There have been a number of gig economy cases examining whether individuals satisfy the definition of ‘worker’ under s230(3)(b) of the Employment Rights Act 1996. The latest case in front of the Court of Appeal, Stuart Delivery Ltd v Augustine, involved a moped courier.
A ‘worker’ is defined as someone who works under a contract of employment, or under other contract, express or implied, where the individual undertakes to personally do or perform any work or services for another party who is not a client or customer of any profession or business carried on by the individual. If they do not satisfy that test, they will usually be deemed to be a self-employed independent contractor with no employment law rights.
As can be seen from this definition, personal service or performance is pivotal to being a worker, and so it follows that someone with an unfettered right to provide a substitute will not satisfy the test. This was the key consideration in the Court of Appeal’s judgement.
Mr Augustine delivered goods by moped. He was subject to ‘general conditions of use’ between himself, the company and the user, but the court took into account all the evidence in relation to the realities of how the arrangement operated.
Mr Augustine could accept individual delivery jobs via the company’s app, and be paid for that job. He also signed up for slots covering the zones with the highest concentration of users, committing to be in a certain area for 90% of the time. In return, he was guaranteed a minimum of £9 an hour, even if he did no deliveries. He could lose that guaranteed fee if he did not abide by certain availability provisions.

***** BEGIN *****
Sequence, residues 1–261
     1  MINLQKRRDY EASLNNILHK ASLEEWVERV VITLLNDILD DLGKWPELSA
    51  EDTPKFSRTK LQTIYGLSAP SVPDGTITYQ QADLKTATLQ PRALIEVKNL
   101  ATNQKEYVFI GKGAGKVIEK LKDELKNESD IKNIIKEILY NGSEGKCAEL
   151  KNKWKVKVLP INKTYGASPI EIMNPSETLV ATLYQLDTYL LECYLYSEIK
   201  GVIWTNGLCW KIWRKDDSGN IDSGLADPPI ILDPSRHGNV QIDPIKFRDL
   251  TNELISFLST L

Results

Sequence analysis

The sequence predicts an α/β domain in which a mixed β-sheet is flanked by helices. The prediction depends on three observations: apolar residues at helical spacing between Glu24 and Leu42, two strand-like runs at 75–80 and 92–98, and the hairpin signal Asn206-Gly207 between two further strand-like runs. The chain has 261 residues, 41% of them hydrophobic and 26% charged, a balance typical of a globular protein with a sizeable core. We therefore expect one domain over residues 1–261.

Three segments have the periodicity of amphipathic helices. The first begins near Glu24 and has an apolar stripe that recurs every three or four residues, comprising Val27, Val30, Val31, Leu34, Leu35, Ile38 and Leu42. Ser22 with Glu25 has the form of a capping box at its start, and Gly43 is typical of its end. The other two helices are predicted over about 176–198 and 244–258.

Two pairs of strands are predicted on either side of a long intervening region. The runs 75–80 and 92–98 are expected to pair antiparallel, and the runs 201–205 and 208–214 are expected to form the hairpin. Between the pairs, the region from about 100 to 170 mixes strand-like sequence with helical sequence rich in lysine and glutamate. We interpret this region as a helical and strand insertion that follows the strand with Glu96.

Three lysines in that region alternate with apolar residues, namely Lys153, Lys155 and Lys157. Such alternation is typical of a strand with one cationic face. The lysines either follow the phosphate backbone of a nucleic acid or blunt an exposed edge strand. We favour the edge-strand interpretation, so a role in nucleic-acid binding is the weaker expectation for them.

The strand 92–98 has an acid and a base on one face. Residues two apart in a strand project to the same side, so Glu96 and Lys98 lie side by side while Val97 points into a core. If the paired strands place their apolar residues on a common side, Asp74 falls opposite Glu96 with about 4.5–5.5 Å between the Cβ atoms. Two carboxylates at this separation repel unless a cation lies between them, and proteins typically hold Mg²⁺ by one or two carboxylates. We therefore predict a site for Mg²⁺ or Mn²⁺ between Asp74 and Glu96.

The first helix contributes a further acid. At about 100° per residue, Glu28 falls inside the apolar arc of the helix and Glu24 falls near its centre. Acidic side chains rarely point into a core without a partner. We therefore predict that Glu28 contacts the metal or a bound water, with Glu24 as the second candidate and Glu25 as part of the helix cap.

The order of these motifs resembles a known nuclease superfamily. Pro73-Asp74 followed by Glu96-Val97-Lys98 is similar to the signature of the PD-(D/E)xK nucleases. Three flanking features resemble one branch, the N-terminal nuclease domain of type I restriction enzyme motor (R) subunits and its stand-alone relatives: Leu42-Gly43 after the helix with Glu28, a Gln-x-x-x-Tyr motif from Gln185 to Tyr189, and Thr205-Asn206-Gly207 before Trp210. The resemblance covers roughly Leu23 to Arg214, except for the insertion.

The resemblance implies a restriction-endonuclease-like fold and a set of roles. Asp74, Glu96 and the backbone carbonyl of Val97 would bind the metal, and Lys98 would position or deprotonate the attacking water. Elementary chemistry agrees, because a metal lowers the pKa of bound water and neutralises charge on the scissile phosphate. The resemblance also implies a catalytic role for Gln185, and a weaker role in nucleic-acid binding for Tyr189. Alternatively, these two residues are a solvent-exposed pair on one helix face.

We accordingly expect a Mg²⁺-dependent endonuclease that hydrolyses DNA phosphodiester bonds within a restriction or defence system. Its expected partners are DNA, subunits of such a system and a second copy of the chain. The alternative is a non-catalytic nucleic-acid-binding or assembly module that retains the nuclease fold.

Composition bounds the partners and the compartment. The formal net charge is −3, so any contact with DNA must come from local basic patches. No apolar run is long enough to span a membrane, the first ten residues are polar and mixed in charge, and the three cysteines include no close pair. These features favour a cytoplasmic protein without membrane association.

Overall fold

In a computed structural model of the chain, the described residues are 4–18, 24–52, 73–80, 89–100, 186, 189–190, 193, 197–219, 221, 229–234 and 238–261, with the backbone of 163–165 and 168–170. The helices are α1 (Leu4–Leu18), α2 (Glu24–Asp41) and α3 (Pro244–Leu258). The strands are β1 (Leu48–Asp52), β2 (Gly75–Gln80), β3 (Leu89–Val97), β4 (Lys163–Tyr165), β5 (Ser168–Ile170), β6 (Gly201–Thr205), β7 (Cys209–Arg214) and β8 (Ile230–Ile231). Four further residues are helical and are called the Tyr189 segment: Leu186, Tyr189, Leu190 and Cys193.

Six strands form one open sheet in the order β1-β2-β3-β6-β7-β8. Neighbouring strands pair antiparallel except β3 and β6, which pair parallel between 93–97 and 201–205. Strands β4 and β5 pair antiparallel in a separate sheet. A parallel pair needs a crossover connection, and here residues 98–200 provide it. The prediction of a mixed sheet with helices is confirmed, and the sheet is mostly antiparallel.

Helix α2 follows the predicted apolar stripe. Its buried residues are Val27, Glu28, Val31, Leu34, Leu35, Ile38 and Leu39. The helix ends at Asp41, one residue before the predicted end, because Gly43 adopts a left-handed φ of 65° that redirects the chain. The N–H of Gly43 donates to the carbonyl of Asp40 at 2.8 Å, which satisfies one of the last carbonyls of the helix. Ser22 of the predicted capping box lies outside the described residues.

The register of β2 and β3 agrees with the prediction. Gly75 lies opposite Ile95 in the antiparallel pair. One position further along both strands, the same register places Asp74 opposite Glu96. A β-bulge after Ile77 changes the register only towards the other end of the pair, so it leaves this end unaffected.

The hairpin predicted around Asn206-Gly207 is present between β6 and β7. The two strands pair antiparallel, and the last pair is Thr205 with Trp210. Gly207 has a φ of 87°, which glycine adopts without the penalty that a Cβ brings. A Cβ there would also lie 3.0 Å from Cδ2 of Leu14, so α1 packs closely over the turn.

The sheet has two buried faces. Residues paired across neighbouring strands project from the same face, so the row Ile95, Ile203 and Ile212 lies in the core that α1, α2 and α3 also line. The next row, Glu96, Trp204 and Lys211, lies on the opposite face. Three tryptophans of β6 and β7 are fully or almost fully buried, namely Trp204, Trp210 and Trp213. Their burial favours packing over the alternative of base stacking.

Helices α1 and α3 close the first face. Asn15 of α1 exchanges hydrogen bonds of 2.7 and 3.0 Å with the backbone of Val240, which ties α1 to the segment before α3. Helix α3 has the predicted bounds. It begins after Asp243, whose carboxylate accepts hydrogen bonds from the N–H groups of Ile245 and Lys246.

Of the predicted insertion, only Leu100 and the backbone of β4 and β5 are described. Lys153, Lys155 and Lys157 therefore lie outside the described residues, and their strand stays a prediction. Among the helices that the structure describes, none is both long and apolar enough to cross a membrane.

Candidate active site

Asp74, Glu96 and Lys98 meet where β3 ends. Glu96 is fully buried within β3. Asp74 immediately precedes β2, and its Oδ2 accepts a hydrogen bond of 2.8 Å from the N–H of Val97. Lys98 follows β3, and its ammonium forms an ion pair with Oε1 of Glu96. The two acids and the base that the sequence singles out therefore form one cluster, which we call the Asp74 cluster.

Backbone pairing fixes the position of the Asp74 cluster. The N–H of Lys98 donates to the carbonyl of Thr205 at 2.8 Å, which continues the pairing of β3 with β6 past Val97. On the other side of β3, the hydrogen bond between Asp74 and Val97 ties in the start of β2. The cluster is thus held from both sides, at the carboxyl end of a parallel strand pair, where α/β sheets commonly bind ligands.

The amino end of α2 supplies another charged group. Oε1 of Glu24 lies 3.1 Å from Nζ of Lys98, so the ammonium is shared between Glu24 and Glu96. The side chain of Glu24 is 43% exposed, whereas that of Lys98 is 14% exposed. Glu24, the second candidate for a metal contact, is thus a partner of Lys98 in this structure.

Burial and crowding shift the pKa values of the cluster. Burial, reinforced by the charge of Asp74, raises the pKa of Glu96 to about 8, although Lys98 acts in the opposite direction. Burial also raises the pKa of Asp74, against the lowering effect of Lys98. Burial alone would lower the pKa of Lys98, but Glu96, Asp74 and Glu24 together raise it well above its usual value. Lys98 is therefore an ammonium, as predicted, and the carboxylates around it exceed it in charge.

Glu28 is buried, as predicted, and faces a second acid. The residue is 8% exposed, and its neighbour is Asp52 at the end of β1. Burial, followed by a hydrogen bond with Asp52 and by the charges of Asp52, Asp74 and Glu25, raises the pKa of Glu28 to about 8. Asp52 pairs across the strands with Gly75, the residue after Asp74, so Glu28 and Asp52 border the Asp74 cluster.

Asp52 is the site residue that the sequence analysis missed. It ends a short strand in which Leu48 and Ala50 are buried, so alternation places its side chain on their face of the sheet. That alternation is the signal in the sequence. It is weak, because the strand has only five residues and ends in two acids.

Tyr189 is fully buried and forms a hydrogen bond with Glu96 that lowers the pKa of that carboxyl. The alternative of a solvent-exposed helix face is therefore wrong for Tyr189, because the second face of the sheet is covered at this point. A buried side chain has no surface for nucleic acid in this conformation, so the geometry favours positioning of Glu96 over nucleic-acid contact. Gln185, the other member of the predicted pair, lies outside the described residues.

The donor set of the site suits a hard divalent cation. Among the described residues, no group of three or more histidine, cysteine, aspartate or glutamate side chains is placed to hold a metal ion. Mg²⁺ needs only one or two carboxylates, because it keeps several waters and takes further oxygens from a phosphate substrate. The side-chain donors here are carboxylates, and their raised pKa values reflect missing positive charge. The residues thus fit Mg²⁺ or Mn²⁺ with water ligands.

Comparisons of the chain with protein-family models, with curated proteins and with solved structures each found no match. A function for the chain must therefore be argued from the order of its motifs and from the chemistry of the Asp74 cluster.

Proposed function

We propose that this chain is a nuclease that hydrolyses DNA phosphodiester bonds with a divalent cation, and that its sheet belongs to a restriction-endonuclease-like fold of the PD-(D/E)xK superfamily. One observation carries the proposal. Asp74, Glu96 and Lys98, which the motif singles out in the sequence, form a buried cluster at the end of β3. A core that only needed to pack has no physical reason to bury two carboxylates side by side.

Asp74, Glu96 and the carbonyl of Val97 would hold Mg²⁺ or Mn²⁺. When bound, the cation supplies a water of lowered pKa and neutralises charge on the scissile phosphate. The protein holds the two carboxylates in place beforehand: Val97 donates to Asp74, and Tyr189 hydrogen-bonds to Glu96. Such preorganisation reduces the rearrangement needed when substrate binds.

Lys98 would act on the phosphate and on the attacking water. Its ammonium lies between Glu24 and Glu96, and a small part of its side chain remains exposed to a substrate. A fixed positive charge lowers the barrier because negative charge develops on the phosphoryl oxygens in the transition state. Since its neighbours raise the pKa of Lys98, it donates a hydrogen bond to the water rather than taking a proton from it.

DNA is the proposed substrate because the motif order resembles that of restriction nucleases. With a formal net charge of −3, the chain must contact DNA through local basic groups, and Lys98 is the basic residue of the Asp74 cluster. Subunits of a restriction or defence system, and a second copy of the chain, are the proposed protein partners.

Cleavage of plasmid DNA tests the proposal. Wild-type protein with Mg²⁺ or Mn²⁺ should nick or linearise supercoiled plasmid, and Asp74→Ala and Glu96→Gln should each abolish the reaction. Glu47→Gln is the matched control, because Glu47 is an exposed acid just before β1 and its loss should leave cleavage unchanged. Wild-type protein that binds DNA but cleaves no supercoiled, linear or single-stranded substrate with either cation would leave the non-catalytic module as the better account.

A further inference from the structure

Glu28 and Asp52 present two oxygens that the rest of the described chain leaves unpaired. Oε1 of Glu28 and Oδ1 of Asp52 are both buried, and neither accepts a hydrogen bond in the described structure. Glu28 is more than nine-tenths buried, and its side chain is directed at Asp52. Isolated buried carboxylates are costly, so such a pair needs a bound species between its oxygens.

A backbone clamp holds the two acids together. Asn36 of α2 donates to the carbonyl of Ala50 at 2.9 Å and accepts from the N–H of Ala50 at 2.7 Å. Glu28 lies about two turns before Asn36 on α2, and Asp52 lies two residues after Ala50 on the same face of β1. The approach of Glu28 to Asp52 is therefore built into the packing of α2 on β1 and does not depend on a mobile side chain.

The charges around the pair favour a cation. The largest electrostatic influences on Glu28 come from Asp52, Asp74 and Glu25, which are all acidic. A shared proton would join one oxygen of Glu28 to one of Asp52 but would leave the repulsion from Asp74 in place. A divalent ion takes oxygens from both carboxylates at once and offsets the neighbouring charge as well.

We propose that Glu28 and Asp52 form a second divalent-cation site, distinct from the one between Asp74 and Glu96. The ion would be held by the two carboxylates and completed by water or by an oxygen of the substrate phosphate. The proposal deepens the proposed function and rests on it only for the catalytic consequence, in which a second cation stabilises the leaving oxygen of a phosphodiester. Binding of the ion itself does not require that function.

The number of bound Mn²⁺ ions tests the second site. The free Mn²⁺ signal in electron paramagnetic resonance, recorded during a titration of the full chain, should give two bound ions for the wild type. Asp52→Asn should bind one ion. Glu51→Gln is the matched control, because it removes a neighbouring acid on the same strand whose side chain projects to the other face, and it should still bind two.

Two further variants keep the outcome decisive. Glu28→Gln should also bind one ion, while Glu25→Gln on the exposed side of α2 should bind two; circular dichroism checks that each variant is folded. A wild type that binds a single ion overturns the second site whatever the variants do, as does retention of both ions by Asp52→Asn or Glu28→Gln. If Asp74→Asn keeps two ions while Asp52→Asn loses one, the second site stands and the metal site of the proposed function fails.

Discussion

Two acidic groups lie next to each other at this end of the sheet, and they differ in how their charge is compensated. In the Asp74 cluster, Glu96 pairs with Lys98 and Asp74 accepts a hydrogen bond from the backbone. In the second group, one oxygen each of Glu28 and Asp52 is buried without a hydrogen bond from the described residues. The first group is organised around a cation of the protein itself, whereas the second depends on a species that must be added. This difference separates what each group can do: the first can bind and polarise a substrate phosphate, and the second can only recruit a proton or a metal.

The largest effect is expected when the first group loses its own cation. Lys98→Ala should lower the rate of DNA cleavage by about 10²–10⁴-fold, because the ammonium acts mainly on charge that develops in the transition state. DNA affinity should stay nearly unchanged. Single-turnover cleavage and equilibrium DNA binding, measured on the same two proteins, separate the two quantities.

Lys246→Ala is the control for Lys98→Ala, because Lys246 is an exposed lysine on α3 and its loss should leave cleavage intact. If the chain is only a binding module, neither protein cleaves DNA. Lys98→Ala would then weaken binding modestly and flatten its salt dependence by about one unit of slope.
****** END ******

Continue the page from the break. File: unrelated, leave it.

Mr Augustine was able to indicate via the app that he wished to give up a particular slot he had signed up to and another driver on the app could take it up. If no-one offered to do so, Mr Augustine had to complete the slot or face penalties.
Mr Augustine brought proceedings in the Employment Tribunal contending he was an employee, or a worker. He was found to be a worker on the basis that he did not have an unfettered right to substitute, and that he did not have any choice over who, if anyone, would accept a slot which he returned. All he could do was release it back to the system and hope that another approved courier accepted it. The EAT dismissed the company’s appeal.
The Court of Appeal clarified that the Pimlico Plumbers judgement had created only two categories to consider when deciding whether someone had to provide personal service or not (and not five as the company had argued). The first was an unfettered right to substitute, in which case there would not be personal service (and hence, the definition of worker would not be satisfied) and the second was a conditional right to substitute which may or may not be inconsistent with personal service, depending on the conditions.
The Court of Appeal in the Augustine case found that the Employment Tribunal was correct to find that the system Mr Augustine worked under was set up to ensure that he did carry out the work, and did turn up for the slots he had signed up to do. That was necessary for the company’s business model to work.
This case shows, once again, that companies which seek to closely control how and when a person works, with limited rights to substitute, are unlikely to succeed in arguing that the individual is not a worker. Further cases are likely given that a firm of solicitors are currently seeking drivers to join a group action against Amazon, a claim which they estimate could be worth over £100 million, owed to at least 3,000 drivers.
Find out how we can help. Our partner, Jon Dunkley, heads the Wollens specialist Employment Department. Contact him today for an informal chat, without obligation on 01271 342268 or via email at firstname.lastname@example.org.